Sunday, March 22, 2009

The Eyes Have It

During my freshman year at Boston University, I was engaged to a girl from just outside of Houston. It didn't work out in the end, but it was a good relationship, and so I've tended to refrain from joining in on the jokes people like to make about Texans, particularly as pertains to their creative (i.e., absent) approach toward the rights of criminal defendants. But even I can't resist taking some jabs at the Texas Supreme Court for this decision.

To summarize: Andre Thomas killed his wife, 4-year old son, and 13-month-old niece. He then (and I honestly can't phrase this better than the article did)
walked into the Sherman Police Department and told a dispatcher he had murdered the three, then told officers he put his victims’ hearts in his pocket, left their apartment, took them home, put the organs in a plastic bag and threw them in the trash. He said G-d had told him to commit the killings.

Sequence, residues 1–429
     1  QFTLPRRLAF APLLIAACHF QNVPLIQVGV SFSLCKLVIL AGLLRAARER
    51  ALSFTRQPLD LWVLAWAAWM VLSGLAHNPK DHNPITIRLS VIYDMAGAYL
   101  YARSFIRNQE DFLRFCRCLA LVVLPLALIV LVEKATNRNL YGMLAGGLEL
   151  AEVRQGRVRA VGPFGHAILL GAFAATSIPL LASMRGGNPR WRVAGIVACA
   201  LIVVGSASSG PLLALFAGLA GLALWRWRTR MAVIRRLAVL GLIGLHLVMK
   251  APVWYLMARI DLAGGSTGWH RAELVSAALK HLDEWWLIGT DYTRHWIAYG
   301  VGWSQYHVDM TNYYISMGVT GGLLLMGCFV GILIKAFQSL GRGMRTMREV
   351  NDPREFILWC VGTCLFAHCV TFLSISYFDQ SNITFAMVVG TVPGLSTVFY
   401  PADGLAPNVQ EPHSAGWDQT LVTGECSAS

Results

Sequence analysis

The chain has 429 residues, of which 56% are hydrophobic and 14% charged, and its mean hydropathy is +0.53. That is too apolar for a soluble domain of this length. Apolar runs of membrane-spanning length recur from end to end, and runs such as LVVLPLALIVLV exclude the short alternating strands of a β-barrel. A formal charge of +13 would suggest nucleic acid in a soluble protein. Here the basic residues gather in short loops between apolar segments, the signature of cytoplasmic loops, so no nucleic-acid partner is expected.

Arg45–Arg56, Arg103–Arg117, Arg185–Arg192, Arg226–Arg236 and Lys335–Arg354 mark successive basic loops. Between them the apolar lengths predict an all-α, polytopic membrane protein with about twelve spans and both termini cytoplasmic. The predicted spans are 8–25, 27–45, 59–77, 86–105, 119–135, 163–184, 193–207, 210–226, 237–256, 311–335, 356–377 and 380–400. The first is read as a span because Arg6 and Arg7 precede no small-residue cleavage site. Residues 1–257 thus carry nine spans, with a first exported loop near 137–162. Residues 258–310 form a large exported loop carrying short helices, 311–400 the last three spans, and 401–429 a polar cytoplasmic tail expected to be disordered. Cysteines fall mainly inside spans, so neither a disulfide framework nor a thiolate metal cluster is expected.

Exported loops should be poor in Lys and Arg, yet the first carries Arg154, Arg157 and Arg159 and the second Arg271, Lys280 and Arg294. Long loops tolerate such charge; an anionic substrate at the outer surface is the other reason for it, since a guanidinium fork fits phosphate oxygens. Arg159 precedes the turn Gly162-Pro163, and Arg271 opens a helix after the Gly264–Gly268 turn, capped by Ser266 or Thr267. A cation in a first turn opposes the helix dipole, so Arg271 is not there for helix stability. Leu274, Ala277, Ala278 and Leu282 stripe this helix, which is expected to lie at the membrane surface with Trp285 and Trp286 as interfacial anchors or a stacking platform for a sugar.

This would probably be enough to give anyone pause, but it gets better (or worse, depending on how you look at it). Five days after that, while sitting in the jail awaiting trial, he removed and ate his right eye. Of course, Thomas' defense attorneys argued insanity, and the prosecutors argued that it was a ploy; their theory of prosecution basically broke down to, "He was high as a kite when he committed the crime, and voluntary intoxication negates a claim of insanity." The judge gave the jury instructions that heavily emphasized voluntary intoxication, and the jury convicted him and sentenced him to an execution. The case was appealed both because the instruction should never have been given because it suggested his drug and alcohol use and not insanity were responsible for his actions, and because Thomas' trial counsel was ineffective in not preventing that instruction from being given in the first place. The appeal was destined to be like the hundreds of thousands of other appeals that go through the system every year, but then Thomas made the news again this past December when -- sitting on death row at the time -- Thomas plucked out his other eye and ate it. So, to recap: Thomas has removed and eaten both of his eyes while awaiting an appeal on a conviction under the theory that his actions were due to his drug use and not some mental disease or defect.